The History and Definition of Cosmetology, Hairdressing and Skincare

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So what is cosmetology, hairdressing and skincare? A simple answer to this question is that they all involve providing beauty services that include caring for and improving upon the cosmetic condition of hair, skin and nails.  The primary goal of cosmetology, hairdressing and skincare is to beautify the physical appearance of clients. Now let’s take a look at some brief definitions of the three areas, examine the early history of the fields across different cultures, and look at advances in treatments.

Definition of Cosmetology

Simply put, cosmetology the art and science of using various cosmetic treatments to beautify the hair, skin and nails (including providing services like manicures and makeup application). Cosmetologists may work in hair salons, beauty spas or at their own shops.

Definition of Hairdressing/Barbering

Hairdressing is a beauty profession that involves the cutting, styling, dying and dressing for both men and women.  A related profession is barbering, which involves the above tasks, as well as facial hair grooming, for a primarily male clientele.

Definition of Skincare treatment

Skincare treatments are performed by skincare specialists and may involve the cleansing, massaging and moisturizing of the skin – in particular the face or hands. Examples of different skincare treatments include exfoliation, tweezing and facials.

What is the early history of cosmetology, hairdressing and skincare?[i]

Let’s take a look at early examples of cosmetology, hairdressing and skincare treatments by examining the practices of different cultures and the changes during different time periods.

The Egyptians

Egyptians may have been the first to use cosmetics as a part of their personal beauty habits – particularly in religious and funeral ceremonies. Different minerals, insects and berries were used on the face as makeup, and henna (which is still around today) was used to stain hair and nails.  Essential oils from bark, leaves and plants were also used as perfume.

The Chinese

During the Shang Dynasty period (1600 B.C.) aristocrats rubbed a mixture of gum Arabic, beeswax, gelatin and egg whites on their nails to turn them ebony or crimson in color (early nail polish!). During the Chou Dynasty (1100 B.C.) nail color was closely tied to social status so commoners who wore the royal colors on their nails could be executed.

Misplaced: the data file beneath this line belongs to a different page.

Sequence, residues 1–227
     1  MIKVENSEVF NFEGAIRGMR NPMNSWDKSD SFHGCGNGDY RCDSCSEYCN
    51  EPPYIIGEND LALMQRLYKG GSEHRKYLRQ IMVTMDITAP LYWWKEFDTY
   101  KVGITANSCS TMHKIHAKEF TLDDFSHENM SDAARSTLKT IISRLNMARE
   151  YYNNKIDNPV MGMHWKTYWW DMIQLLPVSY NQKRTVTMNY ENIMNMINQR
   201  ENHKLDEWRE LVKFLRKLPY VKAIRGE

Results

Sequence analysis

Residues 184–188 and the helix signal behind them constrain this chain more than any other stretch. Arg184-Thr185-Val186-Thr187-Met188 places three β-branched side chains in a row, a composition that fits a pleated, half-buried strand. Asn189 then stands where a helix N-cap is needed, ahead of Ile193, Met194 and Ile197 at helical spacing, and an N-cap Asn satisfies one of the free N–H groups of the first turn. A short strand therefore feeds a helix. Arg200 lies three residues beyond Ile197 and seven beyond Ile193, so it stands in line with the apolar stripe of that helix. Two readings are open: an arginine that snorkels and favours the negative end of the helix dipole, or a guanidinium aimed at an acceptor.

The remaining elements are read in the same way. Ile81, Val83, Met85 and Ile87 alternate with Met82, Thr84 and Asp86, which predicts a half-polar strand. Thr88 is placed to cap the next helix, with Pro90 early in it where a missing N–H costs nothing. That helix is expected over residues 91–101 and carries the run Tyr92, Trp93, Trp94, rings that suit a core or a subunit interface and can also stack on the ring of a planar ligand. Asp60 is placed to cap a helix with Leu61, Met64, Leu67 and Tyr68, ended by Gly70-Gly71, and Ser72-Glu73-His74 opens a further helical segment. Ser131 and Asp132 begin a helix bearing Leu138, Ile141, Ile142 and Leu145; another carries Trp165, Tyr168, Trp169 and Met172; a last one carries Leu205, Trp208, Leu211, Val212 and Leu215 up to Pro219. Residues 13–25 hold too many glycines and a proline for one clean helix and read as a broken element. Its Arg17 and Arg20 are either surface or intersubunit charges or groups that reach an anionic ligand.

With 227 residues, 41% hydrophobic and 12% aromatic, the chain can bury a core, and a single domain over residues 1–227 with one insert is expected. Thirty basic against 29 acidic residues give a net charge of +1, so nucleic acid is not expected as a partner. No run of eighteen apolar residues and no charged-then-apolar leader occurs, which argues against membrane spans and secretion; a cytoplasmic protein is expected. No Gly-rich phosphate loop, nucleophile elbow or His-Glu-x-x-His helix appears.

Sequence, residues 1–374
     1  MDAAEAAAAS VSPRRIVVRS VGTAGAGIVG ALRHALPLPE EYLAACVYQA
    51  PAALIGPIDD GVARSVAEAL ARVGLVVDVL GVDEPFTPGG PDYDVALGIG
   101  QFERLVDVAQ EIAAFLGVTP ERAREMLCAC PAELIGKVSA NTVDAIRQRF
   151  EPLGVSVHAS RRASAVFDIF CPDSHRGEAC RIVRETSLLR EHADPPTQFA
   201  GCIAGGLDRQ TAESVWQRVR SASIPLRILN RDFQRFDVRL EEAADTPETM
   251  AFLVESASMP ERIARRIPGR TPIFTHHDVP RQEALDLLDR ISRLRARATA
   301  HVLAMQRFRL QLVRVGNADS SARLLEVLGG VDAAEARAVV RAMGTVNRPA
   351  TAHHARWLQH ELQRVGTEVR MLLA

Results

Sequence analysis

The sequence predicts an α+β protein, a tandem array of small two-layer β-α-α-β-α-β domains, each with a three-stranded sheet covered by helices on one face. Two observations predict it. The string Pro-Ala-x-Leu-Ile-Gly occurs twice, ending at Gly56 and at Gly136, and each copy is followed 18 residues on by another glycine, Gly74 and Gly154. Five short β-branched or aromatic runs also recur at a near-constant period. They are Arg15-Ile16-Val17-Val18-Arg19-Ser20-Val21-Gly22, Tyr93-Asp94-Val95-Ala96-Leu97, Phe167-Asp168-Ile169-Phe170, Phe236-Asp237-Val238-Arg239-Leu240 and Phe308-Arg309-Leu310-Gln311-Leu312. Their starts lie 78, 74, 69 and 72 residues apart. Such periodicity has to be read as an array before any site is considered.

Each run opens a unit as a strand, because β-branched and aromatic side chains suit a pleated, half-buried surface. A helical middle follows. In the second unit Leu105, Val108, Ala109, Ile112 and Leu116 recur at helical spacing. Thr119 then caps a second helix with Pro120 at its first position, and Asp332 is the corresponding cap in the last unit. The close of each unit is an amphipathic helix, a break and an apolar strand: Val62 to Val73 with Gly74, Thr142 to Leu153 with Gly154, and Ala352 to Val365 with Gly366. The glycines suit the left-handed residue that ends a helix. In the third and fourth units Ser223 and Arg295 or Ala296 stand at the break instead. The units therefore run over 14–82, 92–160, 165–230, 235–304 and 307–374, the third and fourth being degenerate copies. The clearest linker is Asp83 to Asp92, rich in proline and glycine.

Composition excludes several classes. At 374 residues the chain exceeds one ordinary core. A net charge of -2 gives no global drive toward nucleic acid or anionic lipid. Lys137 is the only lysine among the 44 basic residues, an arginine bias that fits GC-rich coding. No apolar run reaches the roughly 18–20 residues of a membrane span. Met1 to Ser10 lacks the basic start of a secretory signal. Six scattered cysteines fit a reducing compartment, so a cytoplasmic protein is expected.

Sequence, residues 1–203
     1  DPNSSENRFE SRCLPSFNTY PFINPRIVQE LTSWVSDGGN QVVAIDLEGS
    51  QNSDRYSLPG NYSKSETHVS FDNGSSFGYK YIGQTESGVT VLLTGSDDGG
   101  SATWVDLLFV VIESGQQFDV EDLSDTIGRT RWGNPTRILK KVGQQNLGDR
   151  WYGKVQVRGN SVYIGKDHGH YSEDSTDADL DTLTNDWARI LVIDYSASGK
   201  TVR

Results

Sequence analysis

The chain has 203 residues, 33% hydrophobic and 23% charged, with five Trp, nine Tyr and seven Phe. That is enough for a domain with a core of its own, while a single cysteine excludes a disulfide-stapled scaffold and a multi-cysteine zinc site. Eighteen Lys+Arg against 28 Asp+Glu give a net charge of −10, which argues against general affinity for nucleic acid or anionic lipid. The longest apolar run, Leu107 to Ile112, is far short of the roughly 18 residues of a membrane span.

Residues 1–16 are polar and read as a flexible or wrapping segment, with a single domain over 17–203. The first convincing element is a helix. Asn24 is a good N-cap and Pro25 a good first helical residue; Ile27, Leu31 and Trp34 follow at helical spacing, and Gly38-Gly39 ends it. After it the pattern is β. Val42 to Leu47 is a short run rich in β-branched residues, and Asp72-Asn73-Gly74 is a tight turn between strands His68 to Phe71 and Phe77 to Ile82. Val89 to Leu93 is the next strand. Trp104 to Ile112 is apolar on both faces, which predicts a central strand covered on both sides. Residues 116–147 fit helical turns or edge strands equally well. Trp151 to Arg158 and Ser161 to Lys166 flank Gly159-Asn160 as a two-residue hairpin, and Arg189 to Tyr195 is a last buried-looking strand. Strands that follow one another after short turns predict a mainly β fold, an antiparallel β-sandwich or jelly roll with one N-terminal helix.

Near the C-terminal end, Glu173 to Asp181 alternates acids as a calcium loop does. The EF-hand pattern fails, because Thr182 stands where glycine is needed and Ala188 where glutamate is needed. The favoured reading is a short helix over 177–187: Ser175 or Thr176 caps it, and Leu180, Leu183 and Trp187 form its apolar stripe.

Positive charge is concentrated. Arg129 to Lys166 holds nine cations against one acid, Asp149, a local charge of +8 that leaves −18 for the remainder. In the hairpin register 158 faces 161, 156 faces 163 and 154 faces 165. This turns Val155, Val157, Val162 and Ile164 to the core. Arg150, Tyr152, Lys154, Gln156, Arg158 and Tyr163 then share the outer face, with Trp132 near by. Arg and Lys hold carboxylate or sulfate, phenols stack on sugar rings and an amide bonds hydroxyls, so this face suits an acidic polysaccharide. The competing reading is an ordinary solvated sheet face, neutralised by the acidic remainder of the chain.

The Greeks

Somewhere during the period around 500 B.C. it is believed that the Greeks developed intricate hair styling practices. As such, they built elaborate baths to aid their hairdressing, skin and nail beautification practices. In terms of cosmetics, kohl was used as eyeliner, white lead lightened the face, and vermillion acted as blush and lipstick.

The Romans

It is believed that Roman women lavishly used both fragrances and cosmetics. Milk, bread, corn, flour, fresh butter and fine wine were all used to make facials. Hair color indicated status in society so noblewomen tinted their hair red, middleclass women colored their hair to make it blonde, and poor women colored their hair black.

The Middle Ages

During the Middle Ages, European beauty culture is illustrated in the art of the period, including tapestries and sculptures. Large headdresses and intricate hairstyles appeared popular, and there is evidence of cosmetics on skin and hair. Although women wore colored makeup on cheeks and lips, it appears that no makeup was used on the eyes.

The Renaissance Period

During the Renaissance period, one of the most interesting beauty practices was shaving the eyebrows and hairline to create a larger forehead – it was thought that a bare brow made women look more intelligent. During this period fragrances and cosmetics were used but intense color of the lips, cheeks and eyes did not appear popular.

The Victorian Age

During the reign of Queen Victoria, personal grooming was very important to the culture of the time. Women created beauty masks with honey, eggs, milk, oatmeal and other natural ingredients. It is said to have been popular for Victorian women to pinch their cheeks and bite their lips to create natural – rather than cosmetic – color.

What are some advances in cosmetology, hairdressing and skincare?

These days there are plenty of technological advances that allow people to better manage their skin, hair and beauty routines.  For example, there are now smartphone apps that allow you to upload your image and see how different makeup applications look – no trip to the salon required! When it comes to hair removal, you can buy your own wax or hair removal devices that allow you to treat yourself from the comfort of your own home. Advances in long-wearing nail polish – including nail gels – have meant that women can go less time between manicures.  And improvements in hair dyes have made products gentler and easier to apply – particularly for those who are not professionals.